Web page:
Ray Allen put on a Boston uniform in 2007 and helped raise Banner 17 that very same year. He spent the next four years trying to help his teammates and the city of Boston raise 18, always coming up short. Most of the time that was at the hands of LeBron James and the Miami Heat.
So, this year, when Allen decided to turn down more money from Boston to move to their chief rival in the East? It stung.
“One day when it’s all said and done, I’m sure we’ll talk about it off to the side,” Pierce said when asked if he was capable of forgiving Allen for joining the Celtics’ bitterest conference rival. “But not right now.”
Pierce has this much in common with Celtics fans. He still can’t conceive of Allen’s decision.
“It definitely hurt me,” Pierce said. “Say we play the Lakers for the championship, and two years later I go and sign with the Lakers. That’s the equivalent of what he did.”
At the time, Allen seemed to think that his Uconn ties and five years of service in Boston would soften the blow. It didn't.
There were reports that Allen had friction with emerging star Rajon Rondo which were later confirmed by Doc Rivers. Allen did not gain a larger role, or more money, by leaving for Miami. Still, with the Celtics currently hoping to earn the seventh seed and the Heat looking like the eventual champion, the argument could be made that he made the right decision.
That's not going to make Boston fans or the teammates he went to battle with over the years feel any better about that. Even though Allen is having the least productive season of his career while playing the least amount of minutes, fans will still hold a grudge. Because he went to the Heat, nothing will earn him forgiveness.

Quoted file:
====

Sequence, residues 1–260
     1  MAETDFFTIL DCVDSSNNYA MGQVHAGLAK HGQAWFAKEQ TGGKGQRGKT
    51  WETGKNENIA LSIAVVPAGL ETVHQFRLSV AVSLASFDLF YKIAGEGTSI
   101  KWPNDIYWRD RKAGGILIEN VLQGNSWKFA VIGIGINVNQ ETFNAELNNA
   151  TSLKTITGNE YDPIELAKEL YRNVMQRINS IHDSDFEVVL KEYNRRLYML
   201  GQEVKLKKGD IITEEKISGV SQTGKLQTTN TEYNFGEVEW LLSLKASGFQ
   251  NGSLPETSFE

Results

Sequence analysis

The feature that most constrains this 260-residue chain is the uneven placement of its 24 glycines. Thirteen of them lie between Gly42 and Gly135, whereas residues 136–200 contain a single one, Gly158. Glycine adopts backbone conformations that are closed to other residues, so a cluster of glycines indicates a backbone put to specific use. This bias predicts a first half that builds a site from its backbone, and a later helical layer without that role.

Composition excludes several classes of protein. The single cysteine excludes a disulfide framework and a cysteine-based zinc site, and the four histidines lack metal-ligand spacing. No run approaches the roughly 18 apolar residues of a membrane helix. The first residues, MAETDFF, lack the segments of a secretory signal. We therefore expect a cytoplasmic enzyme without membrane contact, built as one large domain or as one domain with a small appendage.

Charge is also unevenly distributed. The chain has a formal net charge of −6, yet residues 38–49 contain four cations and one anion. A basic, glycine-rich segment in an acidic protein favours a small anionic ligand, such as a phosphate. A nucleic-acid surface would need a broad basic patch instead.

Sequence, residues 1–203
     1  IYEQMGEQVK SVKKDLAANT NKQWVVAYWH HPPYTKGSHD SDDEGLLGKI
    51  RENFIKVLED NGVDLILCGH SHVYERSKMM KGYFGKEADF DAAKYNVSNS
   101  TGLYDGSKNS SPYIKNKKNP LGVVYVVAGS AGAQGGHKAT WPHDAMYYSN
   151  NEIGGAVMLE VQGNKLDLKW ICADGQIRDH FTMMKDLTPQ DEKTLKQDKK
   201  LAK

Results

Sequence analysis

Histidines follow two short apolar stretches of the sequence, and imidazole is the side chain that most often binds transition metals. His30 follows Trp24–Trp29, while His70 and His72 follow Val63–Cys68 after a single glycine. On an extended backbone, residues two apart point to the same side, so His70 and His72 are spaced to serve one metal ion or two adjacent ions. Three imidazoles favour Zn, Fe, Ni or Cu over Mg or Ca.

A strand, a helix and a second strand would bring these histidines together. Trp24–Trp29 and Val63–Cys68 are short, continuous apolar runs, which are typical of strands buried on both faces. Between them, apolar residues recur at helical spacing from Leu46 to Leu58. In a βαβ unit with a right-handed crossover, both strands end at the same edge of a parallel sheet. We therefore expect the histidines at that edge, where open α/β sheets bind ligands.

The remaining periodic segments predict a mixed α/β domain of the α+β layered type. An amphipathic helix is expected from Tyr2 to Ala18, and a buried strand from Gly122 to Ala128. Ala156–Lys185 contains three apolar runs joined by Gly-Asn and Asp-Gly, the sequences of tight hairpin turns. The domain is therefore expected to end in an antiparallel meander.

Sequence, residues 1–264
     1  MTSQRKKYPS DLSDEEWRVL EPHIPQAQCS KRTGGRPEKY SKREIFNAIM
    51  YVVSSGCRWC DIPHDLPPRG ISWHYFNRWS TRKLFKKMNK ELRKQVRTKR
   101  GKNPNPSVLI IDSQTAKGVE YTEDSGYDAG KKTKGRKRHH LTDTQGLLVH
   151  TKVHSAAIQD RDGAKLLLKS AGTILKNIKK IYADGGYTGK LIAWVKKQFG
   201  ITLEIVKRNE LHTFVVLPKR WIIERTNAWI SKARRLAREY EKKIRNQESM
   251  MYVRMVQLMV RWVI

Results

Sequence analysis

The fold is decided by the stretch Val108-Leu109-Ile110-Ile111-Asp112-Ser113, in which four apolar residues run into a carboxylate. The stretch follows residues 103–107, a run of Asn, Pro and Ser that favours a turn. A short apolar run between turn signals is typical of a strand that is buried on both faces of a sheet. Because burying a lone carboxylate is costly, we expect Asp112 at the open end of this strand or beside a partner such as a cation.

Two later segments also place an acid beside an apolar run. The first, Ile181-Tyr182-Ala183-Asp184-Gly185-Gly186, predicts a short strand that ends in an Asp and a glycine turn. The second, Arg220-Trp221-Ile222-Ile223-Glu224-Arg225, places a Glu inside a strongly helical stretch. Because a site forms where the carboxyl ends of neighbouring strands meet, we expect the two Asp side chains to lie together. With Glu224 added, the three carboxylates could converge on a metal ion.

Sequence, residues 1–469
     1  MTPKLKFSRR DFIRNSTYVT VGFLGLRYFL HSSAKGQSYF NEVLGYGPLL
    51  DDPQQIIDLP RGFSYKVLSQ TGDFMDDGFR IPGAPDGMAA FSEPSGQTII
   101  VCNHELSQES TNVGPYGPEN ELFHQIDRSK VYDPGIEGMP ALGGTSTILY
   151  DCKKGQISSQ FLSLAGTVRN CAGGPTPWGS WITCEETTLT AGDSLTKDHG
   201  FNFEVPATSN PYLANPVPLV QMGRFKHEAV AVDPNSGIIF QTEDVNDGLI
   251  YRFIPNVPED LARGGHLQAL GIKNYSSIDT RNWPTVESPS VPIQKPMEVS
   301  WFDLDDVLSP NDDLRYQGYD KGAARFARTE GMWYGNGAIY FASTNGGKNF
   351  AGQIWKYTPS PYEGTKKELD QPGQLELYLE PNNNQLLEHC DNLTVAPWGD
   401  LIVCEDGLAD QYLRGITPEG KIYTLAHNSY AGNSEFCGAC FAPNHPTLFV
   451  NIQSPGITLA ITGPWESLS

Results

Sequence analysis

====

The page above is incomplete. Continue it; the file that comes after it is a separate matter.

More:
That's something Pierce acknowledges in the Herald article. If Allen went to any other team, he said he wouldn't have felt the same.
“But I didn’t think he would go there,” he said, referring to Miami. “I thought he might go someplace like the Clippers. None of that would have surprised me. But it really surprised me that he would go there.”
Ray Allen's place in Celtics history won't really be determined until the years pass. There's no doubt his decision to flee to the team's nemesis has left a stain on his Boston legacy. If he had helped the Celtics to raise not just Banner 17 but 18 and maybe 19, there's no doubt his number would be hanging in the rafters. But only one championship for a franchise that has more than any other? That might not be enough to excuse the betrayal and have his number retired, but then again, I doubt Allen cares.